It is safe to say that I have three great loves in life:
But I find two of these loves are always butting heads. It’s hard to be a fit, healthy, fitness buff when I care so much about finding the best pancake in Toronto.
It used to be a lot easier. Like back when I lived in my small bachelorette apartment in Fredericton, New Brunswick. Sorry to Fredericton, but your restaurants suck. Even for New Brunswick.
So any great food I ate came out of my closet-sized kitchen. A place where I typically churned out easy healthy meals made for one. Having no friends meant I had no one to share great food with. Such as say, two dozen cookies.
Then I moved to the city. And there was so. much. food. Indian, Italian, Mexican, French, Greek, Raw, Vegan, Vegetarian, Meatitarian. Things I’d never heard of and only dreamed of.
I can walk down my street and pass a bakery on every other block. I can cross the street and get the world’s best homemade sausages. I never eat at the same restaurant twice, and yet I’ve barely made a dent in the 10,000 establishments my city has to offer. I spend my days reading restaurant reviews and drooling. Or exotic recipes featuring ingredients I can actually buy. Toronto sent my foodie head spinning and I am now more fascinated by food than ever.
On the flipside, I am also now a fitness professional. I am supposed to be the image of a healthy life. Low body fat, lean muscle, clean eats. I am always telling my clients to eat the freshest, healthiest foods. But then I have plans to go do something crazy like eat bacon covered in chocolate.
I have noticed that those who eat for fitness simply don’t care that much about food or cooking. That’s not to say they don’t care about eating what’s tasty. But they just don’t love it like us foodies do. They’re content eating cottage cheese and raw almonds for lunch because they care more about their fitness goals than what they eat.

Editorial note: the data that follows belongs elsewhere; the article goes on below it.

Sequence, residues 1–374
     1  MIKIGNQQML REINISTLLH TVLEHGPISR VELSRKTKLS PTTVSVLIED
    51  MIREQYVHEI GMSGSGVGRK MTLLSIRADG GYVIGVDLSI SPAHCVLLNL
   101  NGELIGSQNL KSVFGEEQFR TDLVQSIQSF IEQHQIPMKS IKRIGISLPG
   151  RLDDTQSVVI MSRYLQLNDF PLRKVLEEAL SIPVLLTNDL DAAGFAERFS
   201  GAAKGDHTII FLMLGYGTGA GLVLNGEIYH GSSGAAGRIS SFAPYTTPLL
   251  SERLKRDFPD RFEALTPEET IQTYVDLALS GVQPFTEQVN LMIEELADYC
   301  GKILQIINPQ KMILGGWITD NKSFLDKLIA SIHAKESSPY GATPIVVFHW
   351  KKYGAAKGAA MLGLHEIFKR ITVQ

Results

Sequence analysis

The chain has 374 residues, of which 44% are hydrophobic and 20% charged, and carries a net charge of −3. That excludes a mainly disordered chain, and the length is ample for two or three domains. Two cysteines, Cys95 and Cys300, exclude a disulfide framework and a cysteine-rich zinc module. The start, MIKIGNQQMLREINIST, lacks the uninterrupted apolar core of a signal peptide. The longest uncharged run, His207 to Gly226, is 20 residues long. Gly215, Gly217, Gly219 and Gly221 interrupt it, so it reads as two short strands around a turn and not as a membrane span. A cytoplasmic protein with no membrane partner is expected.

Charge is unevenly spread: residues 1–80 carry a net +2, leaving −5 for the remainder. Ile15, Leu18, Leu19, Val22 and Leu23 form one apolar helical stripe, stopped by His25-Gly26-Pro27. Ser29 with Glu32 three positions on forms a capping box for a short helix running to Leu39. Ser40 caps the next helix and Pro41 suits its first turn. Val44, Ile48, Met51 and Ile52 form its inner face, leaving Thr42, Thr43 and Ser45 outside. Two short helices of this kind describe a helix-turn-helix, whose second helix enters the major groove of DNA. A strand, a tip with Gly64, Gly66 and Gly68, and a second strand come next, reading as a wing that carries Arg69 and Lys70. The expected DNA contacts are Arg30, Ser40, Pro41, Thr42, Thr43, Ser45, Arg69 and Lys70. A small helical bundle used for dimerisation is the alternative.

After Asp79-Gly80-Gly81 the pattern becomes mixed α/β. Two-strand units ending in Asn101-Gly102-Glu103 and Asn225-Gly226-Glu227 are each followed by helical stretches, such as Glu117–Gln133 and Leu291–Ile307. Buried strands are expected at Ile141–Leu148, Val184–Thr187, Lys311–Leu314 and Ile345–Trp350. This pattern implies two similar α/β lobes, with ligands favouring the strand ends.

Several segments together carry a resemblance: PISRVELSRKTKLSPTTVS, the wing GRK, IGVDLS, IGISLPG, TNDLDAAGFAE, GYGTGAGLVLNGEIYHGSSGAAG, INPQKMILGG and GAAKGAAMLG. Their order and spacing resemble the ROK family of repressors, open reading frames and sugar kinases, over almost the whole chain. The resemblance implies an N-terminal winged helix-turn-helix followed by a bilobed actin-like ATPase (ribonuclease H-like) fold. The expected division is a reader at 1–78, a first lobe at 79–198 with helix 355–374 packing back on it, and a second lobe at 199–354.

But to me, food is more than just a way to fuel my body. It’s an experience. An art. Something to be sought out and assembled with care. Flavours, textures, emotions are all very important to me. It makes me feel like a fraud in the fitness industry. Because after my session of intervals and pyramid sets, I’m meeting up with my roommie to try the best cheeseburger in town. Or maybe whip up a batch of fish tacos.
A lot of people work out so they can eat what they want. I’ll admit, I sometimes do this too. If I know I’m going out drinking, then I make sure I get a long run in. But fitness doesn’t burn off everything. Burning 400 calories on the elliptical doesn’t make up for my 900 calorie monte cristo (wait – I still have to blog about that!). And as the old saying goes “You can’t out train a bad diet.”
I’m not saying healthy food can’t be delicious. Because I’ll be the first to tell you massaged kale salads are probably the best lunch ever. But I just can’t do fat-free muffins. Or make a pizza without the cheese. It’s wrong. And why eat food when it’s not the best that it can be?
Loving food at the level I do and maintaining a healthy bodyweight is hard. I don’t think anyone should pretend it’s easy. I also want to be a good role model for fitness. But I don’t feel like that’s possible when my favourite ingredient is butter.
I am still learning about creating a healthy balance with each passing day. If I had melt-in-your-mouth croissants for breakfast (ahem, like today), then I should probably prepare a protein and produce heavy lunch. But make sure that’s damn tasty too. Because we all know the healthiest stuff can be the tastiest stuff too.
So that is my tale of the Foodie and The Fitness Buff. Two loves that are always butting heads. Two loves that I refuse to choose over, but will never fully succumb to while the other still exists.
Thank god I still have writing ;)
I received a comment a while back that really made me stop and think. After blogging about some form of chocolate or peanut butter treat, someone said they never buy it because it’s one of their trigger foods.
For some reason, this comment resonated with me. The term “trigger food” is one I’ve used and see all the time. And yet, to have it used so commonly really stuck with me.
The idea of a trigger food is that it creates an uncontrollable urge to eat. The type of food is different for everyone. But I’m sure we can all relate to grabbing a small handful of chips. Then another. Then another. And without even thinking about it, half (or all!) the bag is gone.
Not a salt person? Ever have a chocolate bar disappear before having the intention to even eat it all?